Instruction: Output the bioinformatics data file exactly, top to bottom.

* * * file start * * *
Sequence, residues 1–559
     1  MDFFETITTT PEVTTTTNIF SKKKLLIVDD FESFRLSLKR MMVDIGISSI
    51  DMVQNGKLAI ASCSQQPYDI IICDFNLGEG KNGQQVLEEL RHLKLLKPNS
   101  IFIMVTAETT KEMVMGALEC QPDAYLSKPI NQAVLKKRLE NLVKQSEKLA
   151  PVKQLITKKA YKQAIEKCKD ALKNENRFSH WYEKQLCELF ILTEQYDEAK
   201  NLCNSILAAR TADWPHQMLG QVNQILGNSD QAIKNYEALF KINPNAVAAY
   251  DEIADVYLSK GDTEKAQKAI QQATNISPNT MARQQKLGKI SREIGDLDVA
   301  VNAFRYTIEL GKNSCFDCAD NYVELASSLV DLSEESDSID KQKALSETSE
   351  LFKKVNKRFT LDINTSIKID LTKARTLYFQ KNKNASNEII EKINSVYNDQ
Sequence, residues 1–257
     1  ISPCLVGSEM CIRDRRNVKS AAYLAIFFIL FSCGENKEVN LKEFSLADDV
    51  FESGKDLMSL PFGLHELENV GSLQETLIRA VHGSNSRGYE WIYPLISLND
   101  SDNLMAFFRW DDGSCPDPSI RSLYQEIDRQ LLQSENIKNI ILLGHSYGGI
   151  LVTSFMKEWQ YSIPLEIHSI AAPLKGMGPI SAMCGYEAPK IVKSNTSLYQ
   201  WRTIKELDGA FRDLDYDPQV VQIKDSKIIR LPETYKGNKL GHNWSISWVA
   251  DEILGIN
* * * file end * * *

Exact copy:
Sequence, residues 1–559
     1  MDFFETITTT PEVTTTTNIF SKKKLLIVDD FESFRLSLKR MMVDIGISSI
    51  DMVQNGKLAI ASCSQQPYDI IICDFNLGEG KNGQQVLEEL RHLKLLKPNS
   101  IFIMVTAETT KEMVMGALEC QPDAYLSKPI NQAVLKKRLE NLVKQSEKLA
   151  PVKQLITKKA YKQAIEKCKD ALKNENRFSH WYEKQLCELF ILTEQYDEAK
   201  NLCNSILAAR TADWPHQMLG QVNQILGNSD QAIKNYEALF KINPNAVAAY
   251  DEIADVYLSK GDTEKAQKAI QQATNISPNT MARQQKLGKI SREIGDLDVA
   301  VNAFRYTIEL GKNSCFDCAD NYVELASSLV DLSEESDSID KQKALSETSE
   351  LFKKVNKRFT LDINTSIKID LTKARTLYFQ KNKNASNEII EKINSVYNDQ
Sequence, residues 1–257
     1  ISPCLVGSEM CIRDRRNVKS AAYLAIFFIL FSCGENKEVN LKEFSLADDV
    51  FESGKDLMSL PFGLHELENV GSLQETLIRA VHGSNSRGYE WIYPLISLND
   101  SDNLMAFFRW DDGSCPDPSI RSLYQEIDRQ LLQSENIKNI ILLGHSYGGI
   151  LVTSFMKEWQ YSIPLEIHSI AAPLKGMGPI SAMCGYEAPK IVKSNTSLYQ
   201  WRTIKELDGA FRDLDYDPQV VQIKDSKIIR LPETYKGNKL GHNWSISWVA
   251  DEILGIN